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Pain Medication: Are You Addicted?

What to know about becoming addicted to pain medications.

5. Ask for Help

If you feel like you're losing control over your pain medicine use, or if you have questions about whether you're becoming addicted to it, you may want to consult a doctor who specializes in pain medicine. He or she should listen to your concerns without judgment and take a reasoned approach.

For instance, if she thinks you need to get off a certain drug, she might look into switching you to another drug with less potential for misuse. If your doctor isn't comfortable handling your situation, consider getting a second opinion from a psychiatrist or addiction specialist, Miotto says.

6. Take Precautions

Pain-relieving drugs can lead to problems other than addiction, Miotto says. Keep opiates locked away so kids, teens, and others in your home can't take them.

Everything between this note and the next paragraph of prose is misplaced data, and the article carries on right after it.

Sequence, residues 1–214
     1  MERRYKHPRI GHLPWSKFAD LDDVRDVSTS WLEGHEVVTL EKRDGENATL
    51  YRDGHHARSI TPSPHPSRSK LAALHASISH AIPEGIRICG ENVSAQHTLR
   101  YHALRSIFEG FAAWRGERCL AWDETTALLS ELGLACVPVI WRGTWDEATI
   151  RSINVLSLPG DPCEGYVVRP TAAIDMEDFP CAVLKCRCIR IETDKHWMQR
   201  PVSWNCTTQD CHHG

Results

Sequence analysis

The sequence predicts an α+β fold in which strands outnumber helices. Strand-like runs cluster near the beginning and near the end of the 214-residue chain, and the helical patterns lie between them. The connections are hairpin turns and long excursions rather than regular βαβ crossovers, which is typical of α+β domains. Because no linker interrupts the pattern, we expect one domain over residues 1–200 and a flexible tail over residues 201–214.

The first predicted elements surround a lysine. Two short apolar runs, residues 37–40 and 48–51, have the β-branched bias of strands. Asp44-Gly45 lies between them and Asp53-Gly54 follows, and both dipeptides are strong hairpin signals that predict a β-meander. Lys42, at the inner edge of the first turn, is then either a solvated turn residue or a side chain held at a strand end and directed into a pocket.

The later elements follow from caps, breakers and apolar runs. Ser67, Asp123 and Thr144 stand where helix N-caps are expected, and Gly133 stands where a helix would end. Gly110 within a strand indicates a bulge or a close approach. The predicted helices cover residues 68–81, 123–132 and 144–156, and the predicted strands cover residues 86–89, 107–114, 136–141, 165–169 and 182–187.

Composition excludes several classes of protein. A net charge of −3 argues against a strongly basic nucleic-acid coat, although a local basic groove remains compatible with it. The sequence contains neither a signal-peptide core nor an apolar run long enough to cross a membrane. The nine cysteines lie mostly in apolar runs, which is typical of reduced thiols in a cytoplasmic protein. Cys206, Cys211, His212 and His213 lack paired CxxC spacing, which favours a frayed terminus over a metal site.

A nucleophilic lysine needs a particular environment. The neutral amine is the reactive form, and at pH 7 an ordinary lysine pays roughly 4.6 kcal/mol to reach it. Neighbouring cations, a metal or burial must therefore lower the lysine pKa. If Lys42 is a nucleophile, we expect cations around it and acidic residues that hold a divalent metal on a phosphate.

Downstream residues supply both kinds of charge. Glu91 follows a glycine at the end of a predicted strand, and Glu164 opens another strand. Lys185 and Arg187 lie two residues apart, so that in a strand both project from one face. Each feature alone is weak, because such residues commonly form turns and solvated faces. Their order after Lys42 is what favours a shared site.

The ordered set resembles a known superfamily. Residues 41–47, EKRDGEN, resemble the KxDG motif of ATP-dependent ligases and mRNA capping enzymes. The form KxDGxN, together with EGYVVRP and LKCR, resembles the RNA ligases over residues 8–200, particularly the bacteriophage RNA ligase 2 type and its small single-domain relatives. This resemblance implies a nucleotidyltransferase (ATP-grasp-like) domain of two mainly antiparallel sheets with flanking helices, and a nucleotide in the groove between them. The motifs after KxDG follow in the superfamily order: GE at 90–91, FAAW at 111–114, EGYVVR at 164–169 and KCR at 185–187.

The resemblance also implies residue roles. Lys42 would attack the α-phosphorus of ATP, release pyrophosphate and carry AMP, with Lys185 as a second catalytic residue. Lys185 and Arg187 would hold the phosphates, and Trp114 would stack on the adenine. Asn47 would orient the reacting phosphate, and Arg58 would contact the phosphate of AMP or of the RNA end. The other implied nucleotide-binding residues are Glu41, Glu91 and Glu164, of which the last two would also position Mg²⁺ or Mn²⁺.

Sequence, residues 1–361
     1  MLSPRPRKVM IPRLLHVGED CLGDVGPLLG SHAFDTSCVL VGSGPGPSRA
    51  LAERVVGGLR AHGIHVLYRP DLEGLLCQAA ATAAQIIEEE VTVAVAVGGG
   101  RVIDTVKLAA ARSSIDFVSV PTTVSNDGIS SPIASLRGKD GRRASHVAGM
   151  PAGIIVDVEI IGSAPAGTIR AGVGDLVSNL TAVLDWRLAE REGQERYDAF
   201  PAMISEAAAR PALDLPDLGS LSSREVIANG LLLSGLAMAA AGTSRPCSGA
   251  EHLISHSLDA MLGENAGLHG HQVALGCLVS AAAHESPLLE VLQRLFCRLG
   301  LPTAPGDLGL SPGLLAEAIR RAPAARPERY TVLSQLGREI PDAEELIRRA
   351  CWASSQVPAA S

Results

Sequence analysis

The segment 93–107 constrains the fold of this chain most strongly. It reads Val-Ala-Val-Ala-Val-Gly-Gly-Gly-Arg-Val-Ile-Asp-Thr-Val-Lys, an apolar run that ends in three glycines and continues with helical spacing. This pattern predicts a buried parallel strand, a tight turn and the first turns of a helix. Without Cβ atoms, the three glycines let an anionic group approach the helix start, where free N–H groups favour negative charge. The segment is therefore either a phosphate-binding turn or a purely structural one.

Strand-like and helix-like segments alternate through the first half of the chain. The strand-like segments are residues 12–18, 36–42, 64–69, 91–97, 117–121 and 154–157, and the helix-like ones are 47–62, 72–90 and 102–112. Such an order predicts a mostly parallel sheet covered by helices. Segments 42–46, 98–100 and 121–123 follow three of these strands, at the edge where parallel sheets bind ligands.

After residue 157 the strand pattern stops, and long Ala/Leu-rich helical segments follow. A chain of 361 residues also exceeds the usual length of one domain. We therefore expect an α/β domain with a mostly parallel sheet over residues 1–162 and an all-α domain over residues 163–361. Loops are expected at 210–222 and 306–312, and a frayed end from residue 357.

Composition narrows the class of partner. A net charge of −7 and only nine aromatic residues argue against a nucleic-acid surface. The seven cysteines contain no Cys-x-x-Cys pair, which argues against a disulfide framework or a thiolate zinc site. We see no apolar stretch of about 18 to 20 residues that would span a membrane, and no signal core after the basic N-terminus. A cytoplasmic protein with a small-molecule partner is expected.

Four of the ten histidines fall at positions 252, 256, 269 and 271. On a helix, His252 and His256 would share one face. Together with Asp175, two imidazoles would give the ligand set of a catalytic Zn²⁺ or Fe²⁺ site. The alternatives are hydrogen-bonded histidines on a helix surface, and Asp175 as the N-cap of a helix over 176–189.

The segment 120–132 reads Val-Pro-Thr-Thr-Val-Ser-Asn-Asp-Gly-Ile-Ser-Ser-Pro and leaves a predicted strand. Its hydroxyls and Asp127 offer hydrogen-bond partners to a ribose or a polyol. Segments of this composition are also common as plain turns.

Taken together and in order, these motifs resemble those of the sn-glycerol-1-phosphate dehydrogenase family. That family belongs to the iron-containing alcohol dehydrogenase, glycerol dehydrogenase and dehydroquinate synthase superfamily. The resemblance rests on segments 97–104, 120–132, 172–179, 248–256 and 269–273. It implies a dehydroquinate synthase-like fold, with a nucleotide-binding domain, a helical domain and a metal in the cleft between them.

And be extra-cautious using other prescription and over-the-counter drugs along with opiates. Certain combinations could cause you to become unconscious, stop breathing, and even die.

When Candy Pitcher, now 56, makes her monthly visits to the pain clinic, the staff gives her random drug tests and counts her morphine pills. She doesn't mind the attention. "Because of the benefits the opioid has given me, I'm willing to do it," she says.

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Reviewed on June 19, 2012

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